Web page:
With North Korea promising to conduct a third nuclear test soon, international intelligence communities have been looking for a telltale sign: Sealing the mouth of the newest of three underground tunnels at the country's Punggye-ri would indicate the country is ready to go. But it looks like the always-secretive rogue regime is maintaining that secrecy, with the South Korean military today reporting that North Korea has covered the tunnel's mouth so spy satellites can't observe what's going on, reports the New York Times.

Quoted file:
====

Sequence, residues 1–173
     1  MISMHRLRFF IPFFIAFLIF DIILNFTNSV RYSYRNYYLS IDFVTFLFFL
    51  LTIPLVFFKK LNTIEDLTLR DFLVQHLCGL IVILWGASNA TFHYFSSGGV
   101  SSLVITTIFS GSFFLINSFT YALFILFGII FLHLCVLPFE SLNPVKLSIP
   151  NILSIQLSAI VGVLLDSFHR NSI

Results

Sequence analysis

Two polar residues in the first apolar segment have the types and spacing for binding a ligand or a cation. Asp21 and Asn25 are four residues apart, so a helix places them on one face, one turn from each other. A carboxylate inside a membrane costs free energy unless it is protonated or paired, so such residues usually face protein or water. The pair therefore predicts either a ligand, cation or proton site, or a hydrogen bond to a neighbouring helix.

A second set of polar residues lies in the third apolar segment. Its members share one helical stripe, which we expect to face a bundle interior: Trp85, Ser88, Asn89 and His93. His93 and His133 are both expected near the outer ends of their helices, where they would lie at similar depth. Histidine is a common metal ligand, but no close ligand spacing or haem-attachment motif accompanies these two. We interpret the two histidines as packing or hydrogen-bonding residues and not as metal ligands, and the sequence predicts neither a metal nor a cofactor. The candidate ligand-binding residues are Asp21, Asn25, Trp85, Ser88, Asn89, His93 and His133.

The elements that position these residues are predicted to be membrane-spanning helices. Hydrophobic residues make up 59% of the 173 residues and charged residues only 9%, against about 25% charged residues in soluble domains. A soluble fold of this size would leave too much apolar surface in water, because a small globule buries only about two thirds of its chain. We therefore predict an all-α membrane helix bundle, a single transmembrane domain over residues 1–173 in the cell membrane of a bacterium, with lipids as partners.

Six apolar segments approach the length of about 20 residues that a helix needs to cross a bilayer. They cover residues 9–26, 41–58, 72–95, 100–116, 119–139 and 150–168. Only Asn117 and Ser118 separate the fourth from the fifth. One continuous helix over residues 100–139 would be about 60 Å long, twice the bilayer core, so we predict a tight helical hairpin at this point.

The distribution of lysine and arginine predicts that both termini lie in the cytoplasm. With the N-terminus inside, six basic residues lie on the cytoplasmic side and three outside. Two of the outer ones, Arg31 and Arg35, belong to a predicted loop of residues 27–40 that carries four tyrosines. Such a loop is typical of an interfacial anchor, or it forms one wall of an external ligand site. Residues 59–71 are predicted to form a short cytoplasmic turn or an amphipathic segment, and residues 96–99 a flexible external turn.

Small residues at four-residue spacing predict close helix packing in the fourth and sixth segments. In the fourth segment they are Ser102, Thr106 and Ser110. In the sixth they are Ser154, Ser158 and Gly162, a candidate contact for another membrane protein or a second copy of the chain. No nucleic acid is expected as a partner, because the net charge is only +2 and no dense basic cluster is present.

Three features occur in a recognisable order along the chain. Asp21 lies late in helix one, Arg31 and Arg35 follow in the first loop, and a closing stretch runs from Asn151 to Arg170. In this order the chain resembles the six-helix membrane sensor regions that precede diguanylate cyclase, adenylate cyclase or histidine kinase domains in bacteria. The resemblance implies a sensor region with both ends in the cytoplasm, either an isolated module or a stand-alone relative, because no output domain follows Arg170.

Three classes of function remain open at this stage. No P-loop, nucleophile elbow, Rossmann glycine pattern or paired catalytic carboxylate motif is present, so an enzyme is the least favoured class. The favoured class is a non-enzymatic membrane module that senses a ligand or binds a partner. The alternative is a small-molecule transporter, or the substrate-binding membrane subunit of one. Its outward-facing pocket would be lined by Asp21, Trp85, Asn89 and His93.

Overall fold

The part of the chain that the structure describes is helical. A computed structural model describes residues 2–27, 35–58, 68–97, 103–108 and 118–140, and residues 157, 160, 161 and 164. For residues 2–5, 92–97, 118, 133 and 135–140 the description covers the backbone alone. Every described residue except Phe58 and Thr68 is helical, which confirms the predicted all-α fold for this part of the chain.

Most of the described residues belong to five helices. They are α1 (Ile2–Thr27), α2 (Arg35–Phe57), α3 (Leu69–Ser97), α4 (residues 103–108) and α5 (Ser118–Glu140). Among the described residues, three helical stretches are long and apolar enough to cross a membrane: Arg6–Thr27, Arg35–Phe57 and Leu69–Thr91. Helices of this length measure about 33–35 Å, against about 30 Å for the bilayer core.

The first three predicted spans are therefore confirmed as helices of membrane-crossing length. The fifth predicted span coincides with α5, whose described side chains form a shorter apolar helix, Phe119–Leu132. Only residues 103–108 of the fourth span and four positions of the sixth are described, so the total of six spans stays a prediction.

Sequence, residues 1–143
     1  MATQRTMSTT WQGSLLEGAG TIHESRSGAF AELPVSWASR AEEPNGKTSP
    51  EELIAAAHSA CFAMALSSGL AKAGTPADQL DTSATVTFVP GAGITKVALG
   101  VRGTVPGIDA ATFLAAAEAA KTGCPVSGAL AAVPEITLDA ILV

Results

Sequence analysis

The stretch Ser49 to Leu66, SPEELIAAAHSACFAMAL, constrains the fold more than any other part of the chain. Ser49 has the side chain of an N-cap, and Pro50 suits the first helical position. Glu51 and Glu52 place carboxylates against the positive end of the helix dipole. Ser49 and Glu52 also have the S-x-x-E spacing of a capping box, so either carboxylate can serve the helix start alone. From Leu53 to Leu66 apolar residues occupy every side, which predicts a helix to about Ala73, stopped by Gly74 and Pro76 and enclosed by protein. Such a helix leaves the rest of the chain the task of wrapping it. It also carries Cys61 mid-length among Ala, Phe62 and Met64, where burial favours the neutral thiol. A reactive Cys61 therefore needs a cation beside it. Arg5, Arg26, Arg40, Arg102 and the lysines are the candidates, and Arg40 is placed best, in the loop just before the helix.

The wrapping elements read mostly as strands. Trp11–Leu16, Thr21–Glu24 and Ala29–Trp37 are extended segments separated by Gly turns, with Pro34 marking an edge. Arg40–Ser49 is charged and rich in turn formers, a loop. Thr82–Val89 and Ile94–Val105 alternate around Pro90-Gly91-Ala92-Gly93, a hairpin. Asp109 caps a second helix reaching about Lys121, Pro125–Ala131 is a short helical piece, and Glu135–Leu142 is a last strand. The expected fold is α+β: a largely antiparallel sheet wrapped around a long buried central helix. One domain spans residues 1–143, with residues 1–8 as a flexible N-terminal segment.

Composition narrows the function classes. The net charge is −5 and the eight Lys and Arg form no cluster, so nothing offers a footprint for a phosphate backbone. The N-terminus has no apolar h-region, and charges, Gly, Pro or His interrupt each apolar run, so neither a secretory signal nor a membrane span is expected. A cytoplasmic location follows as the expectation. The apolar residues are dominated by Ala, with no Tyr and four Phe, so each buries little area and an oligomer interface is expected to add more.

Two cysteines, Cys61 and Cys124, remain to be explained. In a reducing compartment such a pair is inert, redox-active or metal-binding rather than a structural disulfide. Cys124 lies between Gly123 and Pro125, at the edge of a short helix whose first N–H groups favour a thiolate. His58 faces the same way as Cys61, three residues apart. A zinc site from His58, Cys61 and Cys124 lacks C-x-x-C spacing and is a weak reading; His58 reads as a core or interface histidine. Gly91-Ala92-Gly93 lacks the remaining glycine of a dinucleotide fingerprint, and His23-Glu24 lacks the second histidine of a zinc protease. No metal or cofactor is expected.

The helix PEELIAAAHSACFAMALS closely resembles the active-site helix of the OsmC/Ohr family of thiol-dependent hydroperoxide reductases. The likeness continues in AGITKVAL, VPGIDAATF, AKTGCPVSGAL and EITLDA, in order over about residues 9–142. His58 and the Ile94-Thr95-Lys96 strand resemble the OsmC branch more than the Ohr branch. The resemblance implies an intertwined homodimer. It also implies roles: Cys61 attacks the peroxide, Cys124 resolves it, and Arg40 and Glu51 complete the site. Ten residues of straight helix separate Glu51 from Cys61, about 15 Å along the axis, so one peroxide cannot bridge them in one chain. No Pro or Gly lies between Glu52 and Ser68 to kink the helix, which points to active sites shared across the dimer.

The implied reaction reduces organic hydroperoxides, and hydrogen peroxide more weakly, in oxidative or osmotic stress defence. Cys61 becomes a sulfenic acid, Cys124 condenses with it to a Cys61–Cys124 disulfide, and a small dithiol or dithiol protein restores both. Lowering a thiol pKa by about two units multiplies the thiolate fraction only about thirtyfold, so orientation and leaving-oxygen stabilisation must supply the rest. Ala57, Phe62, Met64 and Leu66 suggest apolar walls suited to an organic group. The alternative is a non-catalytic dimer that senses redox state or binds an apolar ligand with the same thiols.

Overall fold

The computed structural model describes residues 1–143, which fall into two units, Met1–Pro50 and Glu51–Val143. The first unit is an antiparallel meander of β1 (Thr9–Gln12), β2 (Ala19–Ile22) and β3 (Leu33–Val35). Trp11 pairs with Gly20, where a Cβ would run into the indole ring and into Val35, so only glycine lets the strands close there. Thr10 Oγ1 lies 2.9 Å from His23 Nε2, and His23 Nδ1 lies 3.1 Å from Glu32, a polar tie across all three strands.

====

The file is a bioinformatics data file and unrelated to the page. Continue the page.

It's not the first time Pyongyang has employed the tactic. Days before December's ballistic missile launch, it covered the launchpad. On Dec. 11, North Korea said technical problems had led to at least a week-long delay; but just a day later it launched the rocket, catching some intelligence officials off-guard. Still, the US and South Korea stand at the ready, armed with temblor monitoring stations and planes equipped with radiation detectors. (Read more North Korea stories.)